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Volunteers of America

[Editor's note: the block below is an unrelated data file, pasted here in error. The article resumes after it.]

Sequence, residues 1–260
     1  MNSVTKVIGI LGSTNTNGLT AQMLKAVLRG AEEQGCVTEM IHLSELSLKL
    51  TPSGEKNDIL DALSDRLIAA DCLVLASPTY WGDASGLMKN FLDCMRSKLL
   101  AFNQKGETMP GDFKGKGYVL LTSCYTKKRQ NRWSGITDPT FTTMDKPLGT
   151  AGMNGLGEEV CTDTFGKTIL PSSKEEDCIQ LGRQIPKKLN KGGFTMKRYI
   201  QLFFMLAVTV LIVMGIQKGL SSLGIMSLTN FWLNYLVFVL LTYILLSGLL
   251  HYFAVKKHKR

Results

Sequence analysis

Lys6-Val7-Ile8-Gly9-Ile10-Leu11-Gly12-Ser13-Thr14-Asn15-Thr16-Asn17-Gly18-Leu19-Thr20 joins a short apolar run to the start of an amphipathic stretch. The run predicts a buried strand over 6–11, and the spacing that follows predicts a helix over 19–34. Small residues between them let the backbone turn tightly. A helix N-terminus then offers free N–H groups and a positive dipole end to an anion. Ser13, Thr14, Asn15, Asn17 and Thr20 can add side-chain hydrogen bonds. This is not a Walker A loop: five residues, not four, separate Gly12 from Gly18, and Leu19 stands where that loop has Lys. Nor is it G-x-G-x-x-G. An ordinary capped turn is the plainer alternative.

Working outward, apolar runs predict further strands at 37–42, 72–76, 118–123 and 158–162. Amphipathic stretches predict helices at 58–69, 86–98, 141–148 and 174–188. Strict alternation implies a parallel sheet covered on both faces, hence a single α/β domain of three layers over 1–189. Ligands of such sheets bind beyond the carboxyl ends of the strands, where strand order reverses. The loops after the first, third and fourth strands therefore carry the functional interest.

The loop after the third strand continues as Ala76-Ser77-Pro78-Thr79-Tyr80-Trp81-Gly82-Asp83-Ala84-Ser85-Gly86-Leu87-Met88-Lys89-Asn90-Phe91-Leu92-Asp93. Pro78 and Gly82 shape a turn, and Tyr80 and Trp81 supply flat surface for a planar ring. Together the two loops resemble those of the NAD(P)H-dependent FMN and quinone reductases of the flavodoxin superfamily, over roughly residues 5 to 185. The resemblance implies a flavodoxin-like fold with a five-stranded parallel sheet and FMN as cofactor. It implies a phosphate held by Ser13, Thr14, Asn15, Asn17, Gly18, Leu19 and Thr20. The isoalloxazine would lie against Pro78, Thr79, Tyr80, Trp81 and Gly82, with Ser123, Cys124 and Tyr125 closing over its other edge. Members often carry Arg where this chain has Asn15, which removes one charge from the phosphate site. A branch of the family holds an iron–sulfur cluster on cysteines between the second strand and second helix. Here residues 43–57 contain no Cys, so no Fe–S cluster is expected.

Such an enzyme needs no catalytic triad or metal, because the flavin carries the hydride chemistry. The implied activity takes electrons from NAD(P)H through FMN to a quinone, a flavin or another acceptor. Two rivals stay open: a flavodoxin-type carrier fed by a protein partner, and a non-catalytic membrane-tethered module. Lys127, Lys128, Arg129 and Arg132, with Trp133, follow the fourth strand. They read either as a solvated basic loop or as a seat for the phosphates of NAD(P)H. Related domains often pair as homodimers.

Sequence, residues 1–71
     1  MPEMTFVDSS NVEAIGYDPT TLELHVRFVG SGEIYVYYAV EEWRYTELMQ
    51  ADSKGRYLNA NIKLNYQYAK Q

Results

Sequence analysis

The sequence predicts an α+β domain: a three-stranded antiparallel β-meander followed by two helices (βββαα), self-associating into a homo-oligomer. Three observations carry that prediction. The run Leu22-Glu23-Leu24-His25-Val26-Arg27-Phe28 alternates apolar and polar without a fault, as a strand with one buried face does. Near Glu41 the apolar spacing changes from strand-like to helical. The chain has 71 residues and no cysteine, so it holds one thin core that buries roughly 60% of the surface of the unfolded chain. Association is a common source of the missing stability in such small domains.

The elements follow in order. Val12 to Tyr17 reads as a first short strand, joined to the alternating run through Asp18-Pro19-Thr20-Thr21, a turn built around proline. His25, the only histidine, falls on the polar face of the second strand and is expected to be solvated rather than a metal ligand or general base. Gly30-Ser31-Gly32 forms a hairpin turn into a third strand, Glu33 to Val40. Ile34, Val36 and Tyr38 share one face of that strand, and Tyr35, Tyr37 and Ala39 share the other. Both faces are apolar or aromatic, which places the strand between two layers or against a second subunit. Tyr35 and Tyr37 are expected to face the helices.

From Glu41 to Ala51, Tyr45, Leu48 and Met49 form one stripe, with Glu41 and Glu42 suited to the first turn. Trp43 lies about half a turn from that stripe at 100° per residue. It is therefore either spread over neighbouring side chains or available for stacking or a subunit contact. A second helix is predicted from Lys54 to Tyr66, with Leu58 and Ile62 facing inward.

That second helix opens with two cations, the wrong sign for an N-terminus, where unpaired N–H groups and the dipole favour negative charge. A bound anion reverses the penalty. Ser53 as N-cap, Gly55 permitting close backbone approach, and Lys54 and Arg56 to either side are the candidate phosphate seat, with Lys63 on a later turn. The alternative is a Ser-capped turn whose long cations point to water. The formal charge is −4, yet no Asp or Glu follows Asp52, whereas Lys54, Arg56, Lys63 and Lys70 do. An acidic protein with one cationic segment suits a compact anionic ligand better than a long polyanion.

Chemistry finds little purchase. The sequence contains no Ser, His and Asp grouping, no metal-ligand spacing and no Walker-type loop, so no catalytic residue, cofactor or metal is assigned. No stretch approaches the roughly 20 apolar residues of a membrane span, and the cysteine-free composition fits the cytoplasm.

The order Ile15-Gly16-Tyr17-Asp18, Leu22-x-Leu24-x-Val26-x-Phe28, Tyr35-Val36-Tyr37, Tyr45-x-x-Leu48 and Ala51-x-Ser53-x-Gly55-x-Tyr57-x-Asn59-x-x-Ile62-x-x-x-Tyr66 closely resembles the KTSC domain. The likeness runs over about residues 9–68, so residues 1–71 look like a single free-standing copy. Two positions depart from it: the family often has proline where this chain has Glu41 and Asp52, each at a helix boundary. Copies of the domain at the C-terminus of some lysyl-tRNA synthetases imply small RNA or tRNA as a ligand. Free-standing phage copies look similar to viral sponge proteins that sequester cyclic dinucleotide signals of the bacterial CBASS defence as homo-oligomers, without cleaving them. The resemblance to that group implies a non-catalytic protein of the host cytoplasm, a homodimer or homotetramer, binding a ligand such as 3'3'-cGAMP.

An evangelical, social welfare organization founded in 1896 at New York City by, son of leader , because his father refused to democratize the Army's administration. Retaining the quasi-military character of the Salvation Army,* the Volunteers hold nondenominational Protestant services and Bible classes, distribute Christian literature, comfort the aged in hospitals, and serve prisoners through the Volunteer Prisoners League. Dispensing social and material aid to over 2 million annually at nearly 600 service centers, they operate girls' homes, rehabilitation centers, summer camps, and day nurseries. Led by Maud Charlesworth Booth, Ballington's widow, from 1940 to 1948 and by their son Charles Brandon Booth after that, they now number about 33,000.